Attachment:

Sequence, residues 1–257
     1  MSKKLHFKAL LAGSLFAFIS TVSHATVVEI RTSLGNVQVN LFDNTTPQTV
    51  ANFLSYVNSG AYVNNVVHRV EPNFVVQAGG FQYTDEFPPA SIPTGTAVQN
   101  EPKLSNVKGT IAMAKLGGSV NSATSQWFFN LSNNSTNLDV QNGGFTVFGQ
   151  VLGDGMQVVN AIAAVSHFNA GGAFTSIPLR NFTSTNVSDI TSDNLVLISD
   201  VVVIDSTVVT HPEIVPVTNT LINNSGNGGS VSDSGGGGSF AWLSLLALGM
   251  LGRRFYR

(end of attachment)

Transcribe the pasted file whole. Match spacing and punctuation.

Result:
Sequence, residues 1–257
     1  MSKKLHFKAL LAGSLFAFIS TVSHATVVEI RTSLGNVQVN LFDNTTPQTV
    51  ANFLSYVNSG AYVNNVVHRV EPNFVVQAGG FQYTDEFPPA SIPTGTAVQN
   101  EPKLSNVKGT IAMAKLGGSV NSATSQWFFN LSNNSTNLDV QNGGFTVFGQ
   151  VLGDGMQVVN AIAAVSHFNA GGAFTSIPLR NFTSTNVSDI TSDNLVLISD
   201  VVVIDSTVVT HPEIVPVTNT LINNSGNGGS VSDSGGGGSF AWLSLLALGM
   251  LGRRFYR